The DUP is close, and in general I think it would be good if they were out on one of those tiny islands. Oddly though, it might not be so bad to have them around right now because May’s deal is possibly the worst one for them so their interests push Parliament in the right direction.
This is another example that pluralistic democracy does *not* require everybody to be good guys – even if most are bad, the compromises of pluralistic democracy can often extract good results.
@Jay C: The Crown should, quite arguably, have intervened because the issues at stake are those of the sovereignty of Parliament, and that is the one thing they have — without that, they got nothin’, and they’re on track to learn that extremely painfully.
When you hear anyone talking about a second referendum, bear in mind that it would actually be the third; the first one (ever, on any topic) was in 1975. That was Her Majesty’s cue to “warn”, if ever. Asquith pointed out as long ago as 1912, when England was plunging toward civil war over Ireland, that “the referendum forms no part of the British Constitution”. He was right, and he was still right in 1975 (shame on Roy Jenkins, if only for once), he was still right in 2016, and he is still right today. The referendum, meaning any referendum, is flatly and utterly unconstitutional. The House of Commons is sovereign. What it can’t decide doesn’t get decided, full stop.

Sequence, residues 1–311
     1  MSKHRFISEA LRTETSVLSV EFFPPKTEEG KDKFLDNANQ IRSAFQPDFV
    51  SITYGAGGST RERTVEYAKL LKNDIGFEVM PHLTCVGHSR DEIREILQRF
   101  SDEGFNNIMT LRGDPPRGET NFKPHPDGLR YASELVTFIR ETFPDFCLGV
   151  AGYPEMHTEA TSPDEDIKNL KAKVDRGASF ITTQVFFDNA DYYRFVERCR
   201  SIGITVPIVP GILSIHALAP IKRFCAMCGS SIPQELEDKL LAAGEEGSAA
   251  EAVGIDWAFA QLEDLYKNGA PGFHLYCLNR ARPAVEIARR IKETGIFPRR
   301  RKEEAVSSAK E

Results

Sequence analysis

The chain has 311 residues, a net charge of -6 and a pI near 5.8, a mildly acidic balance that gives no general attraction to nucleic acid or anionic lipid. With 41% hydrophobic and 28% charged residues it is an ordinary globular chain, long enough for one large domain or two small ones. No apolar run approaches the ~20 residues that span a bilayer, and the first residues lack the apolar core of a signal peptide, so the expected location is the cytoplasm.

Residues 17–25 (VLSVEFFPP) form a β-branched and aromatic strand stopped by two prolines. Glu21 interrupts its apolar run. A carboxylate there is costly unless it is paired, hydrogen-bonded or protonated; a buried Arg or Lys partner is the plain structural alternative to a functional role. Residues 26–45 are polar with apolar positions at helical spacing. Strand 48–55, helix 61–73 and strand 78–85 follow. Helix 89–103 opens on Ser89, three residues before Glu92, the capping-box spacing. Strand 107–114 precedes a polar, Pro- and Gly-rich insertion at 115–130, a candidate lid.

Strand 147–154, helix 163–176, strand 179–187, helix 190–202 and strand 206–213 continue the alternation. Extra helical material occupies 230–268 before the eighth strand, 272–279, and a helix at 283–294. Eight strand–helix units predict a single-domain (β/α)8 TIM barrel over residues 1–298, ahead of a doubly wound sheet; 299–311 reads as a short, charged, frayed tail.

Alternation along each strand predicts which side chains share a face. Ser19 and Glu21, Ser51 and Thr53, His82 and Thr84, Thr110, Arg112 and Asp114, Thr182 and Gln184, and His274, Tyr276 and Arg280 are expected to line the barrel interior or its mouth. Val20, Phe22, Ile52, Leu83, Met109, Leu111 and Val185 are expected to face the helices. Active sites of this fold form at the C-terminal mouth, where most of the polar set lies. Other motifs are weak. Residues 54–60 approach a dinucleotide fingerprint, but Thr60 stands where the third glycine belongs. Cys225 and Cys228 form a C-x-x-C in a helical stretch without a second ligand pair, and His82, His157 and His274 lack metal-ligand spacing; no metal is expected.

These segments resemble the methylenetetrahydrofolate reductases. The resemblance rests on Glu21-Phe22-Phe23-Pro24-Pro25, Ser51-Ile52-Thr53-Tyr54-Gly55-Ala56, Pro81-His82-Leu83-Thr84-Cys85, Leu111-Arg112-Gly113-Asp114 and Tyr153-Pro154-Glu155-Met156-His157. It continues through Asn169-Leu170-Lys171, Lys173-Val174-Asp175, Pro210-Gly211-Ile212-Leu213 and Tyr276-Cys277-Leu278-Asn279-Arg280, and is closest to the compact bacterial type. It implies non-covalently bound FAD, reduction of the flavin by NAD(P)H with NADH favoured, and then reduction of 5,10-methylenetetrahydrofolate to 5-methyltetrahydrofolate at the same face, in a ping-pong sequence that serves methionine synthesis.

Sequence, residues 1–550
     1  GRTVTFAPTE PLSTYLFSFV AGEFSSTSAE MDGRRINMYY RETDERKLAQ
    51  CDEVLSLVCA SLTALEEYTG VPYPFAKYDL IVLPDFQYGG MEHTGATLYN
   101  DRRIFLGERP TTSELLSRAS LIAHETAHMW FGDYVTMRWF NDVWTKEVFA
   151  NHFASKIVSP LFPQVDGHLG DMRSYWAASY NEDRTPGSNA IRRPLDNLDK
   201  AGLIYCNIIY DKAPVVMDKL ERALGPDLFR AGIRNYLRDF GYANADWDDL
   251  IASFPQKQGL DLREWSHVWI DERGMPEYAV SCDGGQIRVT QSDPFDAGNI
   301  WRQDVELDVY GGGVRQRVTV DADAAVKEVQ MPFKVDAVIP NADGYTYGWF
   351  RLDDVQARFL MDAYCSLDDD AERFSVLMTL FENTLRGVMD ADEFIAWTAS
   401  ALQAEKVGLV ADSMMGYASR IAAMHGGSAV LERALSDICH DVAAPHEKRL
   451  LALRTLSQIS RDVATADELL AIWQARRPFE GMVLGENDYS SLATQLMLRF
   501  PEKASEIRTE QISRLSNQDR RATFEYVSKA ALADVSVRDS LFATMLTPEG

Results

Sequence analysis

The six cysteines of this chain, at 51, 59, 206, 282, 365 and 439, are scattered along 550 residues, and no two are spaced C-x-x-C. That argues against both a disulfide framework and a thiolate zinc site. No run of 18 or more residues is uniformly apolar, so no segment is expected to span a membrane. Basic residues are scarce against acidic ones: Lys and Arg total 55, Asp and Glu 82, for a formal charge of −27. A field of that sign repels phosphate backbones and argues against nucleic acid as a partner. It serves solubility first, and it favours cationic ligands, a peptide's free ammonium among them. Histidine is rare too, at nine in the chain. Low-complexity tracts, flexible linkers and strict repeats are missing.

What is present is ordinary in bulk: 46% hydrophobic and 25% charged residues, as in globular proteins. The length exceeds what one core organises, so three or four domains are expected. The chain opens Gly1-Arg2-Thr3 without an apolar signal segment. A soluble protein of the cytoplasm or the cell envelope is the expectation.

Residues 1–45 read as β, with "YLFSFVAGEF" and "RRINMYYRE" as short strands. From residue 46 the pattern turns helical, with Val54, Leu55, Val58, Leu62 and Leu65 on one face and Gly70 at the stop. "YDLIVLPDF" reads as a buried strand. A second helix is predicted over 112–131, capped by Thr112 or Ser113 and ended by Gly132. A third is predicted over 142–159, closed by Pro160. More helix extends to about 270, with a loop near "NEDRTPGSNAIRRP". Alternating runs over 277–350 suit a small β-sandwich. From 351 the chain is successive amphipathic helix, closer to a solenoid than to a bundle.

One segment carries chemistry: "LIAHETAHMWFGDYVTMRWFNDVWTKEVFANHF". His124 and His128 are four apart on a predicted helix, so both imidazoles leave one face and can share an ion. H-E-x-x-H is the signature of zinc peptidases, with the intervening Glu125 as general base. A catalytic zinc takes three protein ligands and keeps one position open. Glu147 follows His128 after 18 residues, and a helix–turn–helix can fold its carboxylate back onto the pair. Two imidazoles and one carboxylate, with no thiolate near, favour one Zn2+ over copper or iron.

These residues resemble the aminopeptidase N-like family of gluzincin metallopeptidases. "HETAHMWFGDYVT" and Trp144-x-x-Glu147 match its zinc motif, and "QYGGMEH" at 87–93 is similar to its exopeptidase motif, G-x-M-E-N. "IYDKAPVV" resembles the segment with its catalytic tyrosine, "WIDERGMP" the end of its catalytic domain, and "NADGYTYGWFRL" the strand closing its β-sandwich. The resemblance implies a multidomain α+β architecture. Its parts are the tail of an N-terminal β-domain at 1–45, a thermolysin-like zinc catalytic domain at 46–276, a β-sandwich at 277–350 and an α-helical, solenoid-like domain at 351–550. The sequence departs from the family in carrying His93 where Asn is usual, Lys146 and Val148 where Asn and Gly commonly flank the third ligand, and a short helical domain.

The British parties have spent sixty years trying to prevent a realignment over Europe. Preventing that realignment was never the right goal, or even a respectable or acceptable goal. The effort to prevent it has got messier and messier as the decades have fallen away. In 1971, in 1982, all during the Blair years, it always seemed like it couldn’t possibly get any messier than it already had — but then it did, and now it gets messier literally every single day.